Assad tanks in the Golan
A couple of days ago, three Syrian tanks dared to enter the buffer zone between Israel and Syria for the first time since the cease-fire agreement after the 1973 war. Israel did not bomb them, and did not invoke the breach of the agreement either. These were tanks that were pursuing members of the Syrian revolution, and therefore the Israelis considered the incident an internal matter.
Coincidently, I had heard about a new dispute within the Israeli establishment. Israeli security warned the Israeli leadership about the potential for tens of thousands Syrian asylum seekers, escaping bombing and murder, fleeing to the Golan Heights and entering the Israeli border to escape. It is said that for the first time, the Israelis are worried about the consequences of the revolution. That the regime of Assad may involve them in the conflict, whether intentionally or as a result of unexpected fighting that could spread to their territories.
The three tanks and fleeing refugees, and even fighters who are forced to look for shelter near the Golan, is a reality that Israel must accept and deal with.
Ten years ago, I visited the Golan for a half day, and the journey did not take more than half an hour. My official escort admitted to me that the paved highway from the capital to Quneitra also means that Israeli forces are able to easily descend toward Damascus should ground forces defenses fail. Of course, we know that Syria, which has failed to respect all the agreements in Lebanon and others, quite meticulously respected the cease-fire agreement, more than Jordan and Egypt did in the years following the signed agreements.
The Assad regime, father Hafez and later son Bashar, uses Lebanon in the face of the Israelis, to build relationships with them and to deal with the Arabs, but the Golan is a completely closed subject. Hezbollah, Iran, Syria and factions such as the Public Popular Front — otherwise known as Ahmed Jibril and Hamas were all using and trading with the Palestinian issue for their own purposes.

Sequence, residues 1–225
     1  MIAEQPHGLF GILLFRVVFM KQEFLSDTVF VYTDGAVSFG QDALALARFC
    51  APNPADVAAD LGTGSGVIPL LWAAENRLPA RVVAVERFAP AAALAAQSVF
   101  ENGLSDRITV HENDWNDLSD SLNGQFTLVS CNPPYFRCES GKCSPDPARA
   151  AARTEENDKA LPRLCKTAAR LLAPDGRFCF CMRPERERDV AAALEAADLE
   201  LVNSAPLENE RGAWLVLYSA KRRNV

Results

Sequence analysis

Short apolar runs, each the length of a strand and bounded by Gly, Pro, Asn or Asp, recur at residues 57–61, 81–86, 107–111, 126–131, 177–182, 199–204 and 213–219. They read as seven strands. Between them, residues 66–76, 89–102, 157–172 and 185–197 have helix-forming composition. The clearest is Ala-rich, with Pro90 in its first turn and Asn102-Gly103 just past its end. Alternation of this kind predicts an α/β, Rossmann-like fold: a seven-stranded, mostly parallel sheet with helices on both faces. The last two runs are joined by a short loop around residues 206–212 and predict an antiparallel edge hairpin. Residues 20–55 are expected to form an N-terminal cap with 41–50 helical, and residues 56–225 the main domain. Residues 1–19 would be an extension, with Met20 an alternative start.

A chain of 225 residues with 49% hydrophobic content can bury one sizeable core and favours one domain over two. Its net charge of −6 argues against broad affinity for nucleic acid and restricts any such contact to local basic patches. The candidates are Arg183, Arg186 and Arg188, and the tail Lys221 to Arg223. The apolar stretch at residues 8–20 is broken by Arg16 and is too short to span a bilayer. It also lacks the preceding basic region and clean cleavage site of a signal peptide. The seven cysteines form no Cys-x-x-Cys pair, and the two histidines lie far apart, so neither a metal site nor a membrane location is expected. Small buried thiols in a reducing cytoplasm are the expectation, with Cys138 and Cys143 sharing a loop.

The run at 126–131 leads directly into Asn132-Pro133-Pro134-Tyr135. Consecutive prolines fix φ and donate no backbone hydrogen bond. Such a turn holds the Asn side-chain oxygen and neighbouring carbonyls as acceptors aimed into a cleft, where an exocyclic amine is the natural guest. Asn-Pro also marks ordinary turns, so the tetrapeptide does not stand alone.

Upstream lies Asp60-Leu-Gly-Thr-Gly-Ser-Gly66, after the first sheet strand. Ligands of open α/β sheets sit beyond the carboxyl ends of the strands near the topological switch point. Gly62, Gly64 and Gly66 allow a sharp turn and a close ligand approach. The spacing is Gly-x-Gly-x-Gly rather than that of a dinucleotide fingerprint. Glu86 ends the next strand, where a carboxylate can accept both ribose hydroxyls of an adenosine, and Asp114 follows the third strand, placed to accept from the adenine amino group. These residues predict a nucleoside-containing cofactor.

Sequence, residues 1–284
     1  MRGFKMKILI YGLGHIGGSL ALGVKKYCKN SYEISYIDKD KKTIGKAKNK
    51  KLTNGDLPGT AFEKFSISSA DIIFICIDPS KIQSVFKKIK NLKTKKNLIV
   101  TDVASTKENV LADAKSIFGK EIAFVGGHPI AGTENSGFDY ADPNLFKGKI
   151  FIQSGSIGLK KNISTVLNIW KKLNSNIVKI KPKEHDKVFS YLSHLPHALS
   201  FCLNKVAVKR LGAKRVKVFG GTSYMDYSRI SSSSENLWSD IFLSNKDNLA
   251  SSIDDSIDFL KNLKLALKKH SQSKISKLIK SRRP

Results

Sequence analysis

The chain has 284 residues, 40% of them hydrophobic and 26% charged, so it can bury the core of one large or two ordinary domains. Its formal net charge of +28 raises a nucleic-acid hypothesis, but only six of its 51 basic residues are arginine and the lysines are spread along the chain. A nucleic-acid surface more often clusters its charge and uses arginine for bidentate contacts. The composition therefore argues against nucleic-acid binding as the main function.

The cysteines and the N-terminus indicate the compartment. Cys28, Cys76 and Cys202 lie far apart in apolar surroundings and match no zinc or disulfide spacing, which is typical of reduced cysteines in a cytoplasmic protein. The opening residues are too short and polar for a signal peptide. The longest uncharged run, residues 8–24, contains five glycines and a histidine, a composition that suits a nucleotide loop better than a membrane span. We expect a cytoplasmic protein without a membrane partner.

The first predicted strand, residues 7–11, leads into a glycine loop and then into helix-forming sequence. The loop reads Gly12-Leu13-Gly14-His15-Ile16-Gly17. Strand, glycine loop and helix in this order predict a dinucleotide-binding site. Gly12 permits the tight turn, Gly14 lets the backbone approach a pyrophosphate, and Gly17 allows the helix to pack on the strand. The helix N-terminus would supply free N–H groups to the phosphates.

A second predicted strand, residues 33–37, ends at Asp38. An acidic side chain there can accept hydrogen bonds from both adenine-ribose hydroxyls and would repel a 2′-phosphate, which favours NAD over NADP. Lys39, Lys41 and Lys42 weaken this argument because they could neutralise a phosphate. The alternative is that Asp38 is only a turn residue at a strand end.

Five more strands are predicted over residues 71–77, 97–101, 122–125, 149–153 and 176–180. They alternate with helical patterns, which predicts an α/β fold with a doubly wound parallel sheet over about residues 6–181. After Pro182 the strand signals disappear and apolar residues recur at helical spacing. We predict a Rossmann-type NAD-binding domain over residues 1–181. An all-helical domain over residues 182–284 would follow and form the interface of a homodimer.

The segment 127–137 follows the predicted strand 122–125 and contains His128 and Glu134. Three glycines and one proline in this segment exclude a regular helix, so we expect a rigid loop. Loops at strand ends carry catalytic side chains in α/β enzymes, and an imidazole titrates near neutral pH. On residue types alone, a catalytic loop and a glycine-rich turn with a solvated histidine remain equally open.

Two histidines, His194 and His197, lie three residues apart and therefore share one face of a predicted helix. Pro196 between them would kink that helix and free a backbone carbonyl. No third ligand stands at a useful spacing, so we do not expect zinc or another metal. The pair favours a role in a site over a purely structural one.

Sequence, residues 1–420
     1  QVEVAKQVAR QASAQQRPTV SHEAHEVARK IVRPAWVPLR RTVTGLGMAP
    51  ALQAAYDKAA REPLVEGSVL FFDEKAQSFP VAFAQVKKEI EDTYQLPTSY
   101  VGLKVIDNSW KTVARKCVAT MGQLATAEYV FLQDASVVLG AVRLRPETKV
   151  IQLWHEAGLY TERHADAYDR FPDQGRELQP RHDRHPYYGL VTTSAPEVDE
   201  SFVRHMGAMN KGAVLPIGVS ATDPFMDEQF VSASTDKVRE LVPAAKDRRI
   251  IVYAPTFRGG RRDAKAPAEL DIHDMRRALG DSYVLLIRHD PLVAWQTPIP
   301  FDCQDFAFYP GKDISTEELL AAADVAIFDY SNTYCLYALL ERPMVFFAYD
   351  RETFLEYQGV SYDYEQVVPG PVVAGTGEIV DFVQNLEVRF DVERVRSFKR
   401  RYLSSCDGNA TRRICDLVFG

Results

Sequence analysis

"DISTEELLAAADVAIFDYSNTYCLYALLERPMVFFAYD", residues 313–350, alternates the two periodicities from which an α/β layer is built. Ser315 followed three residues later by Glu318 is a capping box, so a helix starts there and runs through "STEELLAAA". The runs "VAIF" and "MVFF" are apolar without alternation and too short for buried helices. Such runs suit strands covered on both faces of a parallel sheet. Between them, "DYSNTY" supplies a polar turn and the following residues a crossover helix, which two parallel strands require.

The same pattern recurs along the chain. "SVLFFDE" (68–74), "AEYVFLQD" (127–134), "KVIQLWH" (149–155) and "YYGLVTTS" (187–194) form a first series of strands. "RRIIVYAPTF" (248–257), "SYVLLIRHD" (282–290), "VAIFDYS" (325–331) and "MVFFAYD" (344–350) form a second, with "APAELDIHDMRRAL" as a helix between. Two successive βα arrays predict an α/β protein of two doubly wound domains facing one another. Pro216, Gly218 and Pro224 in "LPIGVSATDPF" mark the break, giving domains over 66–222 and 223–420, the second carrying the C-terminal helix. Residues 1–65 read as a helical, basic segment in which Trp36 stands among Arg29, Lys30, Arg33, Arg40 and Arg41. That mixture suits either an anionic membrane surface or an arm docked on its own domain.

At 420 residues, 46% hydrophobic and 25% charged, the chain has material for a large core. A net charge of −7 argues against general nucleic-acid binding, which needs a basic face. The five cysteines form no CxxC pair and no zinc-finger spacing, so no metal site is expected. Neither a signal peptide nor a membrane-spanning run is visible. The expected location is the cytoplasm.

Now the situation is very complex because the Syrian people revolted against the Assad regime. They did not target others, including Israel, but for their freedom and dignity and to get rid of the criminal police regime that chocked them for 40 years.
The delay during this current protracted revolution is due to the fact that major countries failed to support it as well as the involvement of suspicious and jihadist parties, which may want to expand the fight beyond the borders of Syria by clashing with Hezbollah in Lebanon or the Syrian minorities, such as the Christian, Alawite or the Shiite in Lebanon, and with Israel too.
This could ruin the revolution and lure the regional and major international powers to sabotage the aspirations of the Syrian people of a unified state with a stable regime agreeable to almost everyone.
Indeed, the Syrian regime might deliberately fight the Syrians and push tens of thousands of people toward the Golan and into entering Israel, as Israeli security leaders had warned.
The result is a triple clash that complicates the issue. No one wants Israel to intervene neither on behalf of refugees nor against them, but the flames of war could push thousands of Syrians toward all border crossings, for fear of being killed or to seek necessary amenities, if water and electricity are cut off especially in winter.
The Assad regime would not mind if Israel bombed those three tanks, so that it could claim it is fighting a US Zionist plot, which aims to overthrow Assad’s regime, the regime with the alleged reluctance.
However, in the end, this play in the Golan will not stop the trapping of the regime in the capital, Damascus.
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